All investments contain risk and may lose value. Investing in the bond market is subject to risks, including market, interest rate, issuer, credit, inflation risk, and liquidity risk. The value of most bonds and bond strategies are impacted by changes in interest rates. Bonds and bond strategies with longer durations tend to be more sensitive and volatile than those with shorter durations; bond prices generally fall as interest rates rise, and low interest rate environments increase this risk. Reductions in bond counterparty capacity may contribute to decreased market liquidity and increased price volatility. Bond investments may be worth more or less than the original cost when redeemed. Currency rates may fluctuate significantly over short periods of time and may reduce the returns of a portfolio. Commodities contain heightened risk, including market, political, regulatory and natural conditions, and may not be appropriate for all investors.
HYPOTHETICAL PERFORMANCE RESULTS HAVE MANY INHERENT LIMITATIONS, SOME OF WHICH ARE DESCRIBED BELOW. NO REPRESENTATION IS BEING MADE THAT ANY ACCOUNT WILL OR IS LIKELY TO ACHIEVE PROFITS OR LOSSES SIMILAR TO THOSE SHOWN. IN FACT, THERE ARE FREQUENTLY SHARP DIFFERENCES BETWEEN HYPOTHETICAL PERFORMANCE RESULTS AND THE ACTUAL RESULTS SUBSEQUENTLY ACHIEVED BY ANY PARTICULAR TRADING PROGRAM.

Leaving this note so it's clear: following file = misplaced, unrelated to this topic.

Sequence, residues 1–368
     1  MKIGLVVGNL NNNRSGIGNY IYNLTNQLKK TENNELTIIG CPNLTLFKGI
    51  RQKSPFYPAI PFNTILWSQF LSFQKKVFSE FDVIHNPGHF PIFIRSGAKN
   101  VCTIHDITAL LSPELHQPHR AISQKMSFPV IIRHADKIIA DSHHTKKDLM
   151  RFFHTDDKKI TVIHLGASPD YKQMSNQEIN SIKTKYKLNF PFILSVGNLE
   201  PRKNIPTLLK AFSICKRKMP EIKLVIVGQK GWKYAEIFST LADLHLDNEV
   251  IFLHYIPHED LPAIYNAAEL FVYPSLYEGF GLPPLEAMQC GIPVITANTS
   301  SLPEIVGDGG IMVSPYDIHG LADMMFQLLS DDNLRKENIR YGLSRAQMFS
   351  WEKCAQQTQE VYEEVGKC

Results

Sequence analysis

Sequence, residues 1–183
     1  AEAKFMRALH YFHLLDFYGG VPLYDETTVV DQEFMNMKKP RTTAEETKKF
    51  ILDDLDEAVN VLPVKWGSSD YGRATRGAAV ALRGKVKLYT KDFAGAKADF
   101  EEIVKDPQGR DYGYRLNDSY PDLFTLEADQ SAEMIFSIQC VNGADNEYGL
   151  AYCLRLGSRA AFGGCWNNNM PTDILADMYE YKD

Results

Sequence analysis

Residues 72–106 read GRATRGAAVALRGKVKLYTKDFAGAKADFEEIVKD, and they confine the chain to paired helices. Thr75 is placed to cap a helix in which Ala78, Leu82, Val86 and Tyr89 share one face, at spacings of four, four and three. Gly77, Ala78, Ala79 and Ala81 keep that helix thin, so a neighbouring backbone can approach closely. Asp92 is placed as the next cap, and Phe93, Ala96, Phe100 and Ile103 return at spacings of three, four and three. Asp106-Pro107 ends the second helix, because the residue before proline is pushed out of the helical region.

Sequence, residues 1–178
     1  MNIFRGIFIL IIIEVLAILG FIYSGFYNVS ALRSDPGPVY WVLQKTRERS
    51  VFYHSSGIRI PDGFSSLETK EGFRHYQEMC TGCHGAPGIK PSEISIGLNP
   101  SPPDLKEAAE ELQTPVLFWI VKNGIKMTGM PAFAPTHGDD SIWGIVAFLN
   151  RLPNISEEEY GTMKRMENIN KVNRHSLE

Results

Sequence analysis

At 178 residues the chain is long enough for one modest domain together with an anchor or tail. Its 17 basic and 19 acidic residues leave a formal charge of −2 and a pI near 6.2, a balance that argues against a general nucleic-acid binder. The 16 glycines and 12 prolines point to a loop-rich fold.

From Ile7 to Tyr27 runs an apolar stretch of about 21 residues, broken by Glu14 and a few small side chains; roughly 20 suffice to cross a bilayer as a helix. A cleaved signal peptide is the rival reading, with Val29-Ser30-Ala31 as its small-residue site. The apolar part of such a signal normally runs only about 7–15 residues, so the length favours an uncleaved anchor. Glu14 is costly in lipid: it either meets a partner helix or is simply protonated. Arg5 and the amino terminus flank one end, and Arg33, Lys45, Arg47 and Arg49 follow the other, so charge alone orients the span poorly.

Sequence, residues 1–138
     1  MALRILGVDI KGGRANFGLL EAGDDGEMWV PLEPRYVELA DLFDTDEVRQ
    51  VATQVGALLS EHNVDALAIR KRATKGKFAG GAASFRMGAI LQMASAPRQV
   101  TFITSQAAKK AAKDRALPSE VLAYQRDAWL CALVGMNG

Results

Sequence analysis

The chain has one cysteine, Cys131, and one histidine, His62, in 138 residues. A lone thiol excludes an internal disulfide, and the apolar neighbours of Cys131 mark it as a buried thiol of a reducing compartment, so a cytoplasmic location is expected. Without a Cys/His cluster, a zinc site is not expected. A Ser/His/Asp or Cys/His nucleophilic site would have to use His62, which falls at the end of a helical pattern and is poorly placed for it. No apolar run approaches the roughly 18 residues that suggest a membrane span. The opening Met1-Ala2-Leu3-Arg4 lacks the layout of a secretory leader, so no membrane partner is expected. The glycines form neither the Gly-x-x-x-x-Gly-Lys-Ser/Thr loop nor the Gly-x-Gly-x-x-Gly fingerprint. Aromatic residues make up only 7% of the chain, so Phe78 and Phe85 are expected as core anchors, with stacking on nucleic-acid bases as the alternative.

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The Consumer Price Index (CPI) is an unmanaged index representing the rate of inflation of the U.S. consumer prices as determined by the U.S. Department of Labor Statistics. There can be no guarantee that the CPI or other indexes will reflect the exact level of inflation at any given time. The Personal Consumption Expenditures (PCE) deflator is published by the Bureau of Economic Analysis as part of the GDP report. It measures inflation across the basket of goods purchased by households, and is computed by taking the difference between current dollar PCE and chained dollar PCE. The Harmonised Indices of Consumer Prices (HICP) is an economic indicator that measures the changes over time in the prices of consumer goods and services acquired by households. The HICP gives a comparable measure of inflation in the euro-zone, the EU, the European Economic Area and for other countries including accession and candidate countries. It is calculated according to a harmonised approach and a single set of definitions. It also provides the official measure of consumer price inflation in the euro-zone for the purposes of monetary policy in the euro area and assessing inflation convergence as required under the Maastricht criteria. It is not possible to invest directly in an unmanaged index.